As he was writing Moby-Dick, from February 1850 to November 1851, as he composed the book he felt certain was his greatest work, Herman Melville understood himself to be inspired. This understanding is evident wherever during that period Melville catches himself in the act of composition. Critics have long since understood Moby-Dick in terms of American religion. In American Renaissance Peter Matthiessen understood its presentation of the ongoing crisis in American religion to be central to the novel's achievement. To build on the story sketched out in the introduction, Quakerism, from its inception, was understood as one form among many of religious enthusiasm. One way of thinking about enthusiasm against the religious background being sketched into this chapter is as a coming or speaking through. Melville's language can be thought of in terms of a coming through, his writing itself as being, in some sense, enthusiastic.
Establishing Ezra Pound's enthusiasm is a fraught and complicated business. Fraught because, in all his voluminous writings, 'enthusiasm' is a word Pound rarely uses, and when he does it is without great charge, and typically to derogatory effect. Generally speaking, in fact, 'enthusiasm' features little in high Modernist writing, though Marianne Moore presents an exception. Modernism, as directed by Pound, involved rebranding art as an anti-Romantic, aristocratic activity. Enthusiasm, from this point of view, was a Romantic idea, rehabilitated but also, as Jon Mee argues, regulated in the face of eighteenth-century political suspicions, suspicions recently rearticulated for Modernism by Nietzsche. To complete Pound's analogy, if melancholy was integral to Shakespeare's major work, so distribution should be integral to major work of the Modern age, and The Cantos therefore can be properly understood as a distributive and distributing work.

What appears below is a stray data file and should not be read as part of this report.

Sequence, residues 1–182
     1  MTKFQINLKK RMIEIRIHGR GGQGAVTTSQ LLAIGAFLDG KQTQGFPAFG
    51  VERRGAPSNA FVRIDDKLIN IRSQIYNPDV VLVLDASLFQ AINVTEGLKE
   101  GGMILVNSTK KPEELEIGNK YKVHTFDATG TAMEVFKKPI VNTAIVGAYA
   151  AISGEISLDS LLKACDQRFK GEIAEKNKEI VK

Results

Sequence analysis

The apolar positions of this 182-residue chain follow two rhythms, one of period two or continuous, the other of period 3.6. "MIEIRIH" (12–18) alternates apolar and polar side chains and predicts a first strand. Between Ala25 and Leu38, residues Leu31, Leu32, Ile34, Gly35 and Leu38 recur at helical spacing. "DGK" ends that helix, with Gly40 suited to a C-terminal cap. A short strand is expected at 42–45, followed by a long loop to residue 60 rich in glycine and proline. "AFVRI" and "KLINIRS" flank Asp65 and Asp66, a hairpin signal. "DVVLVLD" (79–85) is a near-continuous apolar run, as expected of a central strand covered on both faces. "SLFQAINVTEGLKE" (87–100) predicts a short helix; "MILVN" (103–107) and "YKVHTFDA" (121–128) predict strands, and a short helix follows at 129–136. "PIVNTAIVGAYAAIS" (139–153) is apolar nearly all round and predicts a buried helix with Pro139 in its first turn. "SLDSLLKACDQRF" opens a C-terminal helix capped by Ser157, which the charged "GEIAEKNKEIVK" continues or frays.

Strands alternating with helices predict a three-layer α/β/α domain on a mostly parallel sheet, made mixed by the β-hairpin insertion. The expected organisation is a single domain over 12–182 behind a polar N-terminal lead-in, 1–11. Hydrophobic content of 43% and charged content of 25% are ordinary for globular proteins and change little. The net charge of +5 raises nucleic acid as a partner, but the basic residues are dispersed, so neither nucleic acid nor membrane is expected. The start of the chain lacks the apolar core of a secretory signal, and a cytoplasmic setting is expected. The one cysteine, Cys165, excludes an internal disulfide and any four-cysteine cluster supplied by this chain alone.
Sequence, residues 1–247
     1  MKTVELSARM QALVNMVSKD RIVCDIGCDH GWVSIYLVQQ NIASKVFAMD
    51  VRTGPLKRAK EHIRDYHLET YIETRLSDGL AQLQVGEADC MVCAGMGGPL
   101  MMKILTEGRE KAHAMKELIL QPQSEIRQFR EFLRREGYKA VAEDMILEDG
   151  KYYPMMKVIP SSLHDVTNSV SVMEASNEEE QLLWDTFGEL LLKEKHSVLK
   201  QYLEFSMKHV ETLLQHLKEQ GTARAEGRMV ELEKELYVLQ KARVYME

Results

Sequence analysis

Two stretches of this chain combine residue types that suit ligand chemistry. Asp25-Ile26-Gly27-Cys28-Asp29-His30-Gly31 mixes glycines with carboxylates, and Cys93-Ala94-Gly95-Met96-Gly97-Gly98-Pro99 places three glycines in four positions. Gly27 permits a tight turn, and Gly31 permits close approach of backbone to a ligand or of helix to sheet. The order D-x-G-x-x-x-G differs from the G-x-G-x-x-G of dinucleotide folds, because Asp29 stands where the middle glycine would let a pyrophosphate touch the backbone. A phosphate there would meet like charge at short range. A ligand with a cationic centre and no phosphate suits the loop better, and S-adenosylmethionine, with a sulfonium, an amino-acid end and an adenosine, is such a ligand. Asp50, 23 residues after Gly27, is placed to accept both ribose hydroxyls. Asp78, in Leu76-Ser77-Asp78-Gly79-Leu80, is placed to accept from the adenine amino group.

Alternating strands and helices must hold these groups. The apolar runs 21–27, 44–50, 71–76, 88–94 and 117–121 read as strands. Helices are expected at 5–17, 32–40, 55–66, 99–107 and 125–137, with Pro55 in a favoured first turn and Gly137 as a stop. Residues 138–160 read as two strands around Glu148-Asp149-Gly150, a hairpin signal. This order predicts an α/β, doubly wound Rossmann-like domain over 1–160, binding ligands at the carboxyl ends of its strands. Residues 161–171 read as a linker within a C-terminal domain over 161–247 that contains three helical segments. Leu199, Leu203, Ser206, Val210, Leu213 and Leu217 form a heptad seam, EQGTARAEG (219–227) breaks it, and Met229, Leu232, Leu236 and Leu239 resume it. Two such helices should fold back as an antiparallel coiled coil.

This chapter shows how Marianne Moore's Comment series articulates a relation to things which takes the form of a circulatory aesthetic, which has a close bearing on her handling of language, and which she names enthusiastic. Her sense of enthusiasm, however, was finely calibrated, taking the outward, projective, transitive form that it did in proportion as her suspicion hardened towards conventional images of creativity. And to get the measure of this, to see how she came to formulate her defining attitude to words and things, it is necessary first to consider the prose she wrote prior to taking up the editorship of The Dial. The double operation - valuing and transmitting - is central to Marianne Moore's poetry, to its key devices and techniques. It is as an enthusiast that Moore gives such thought to the way she displays her materials.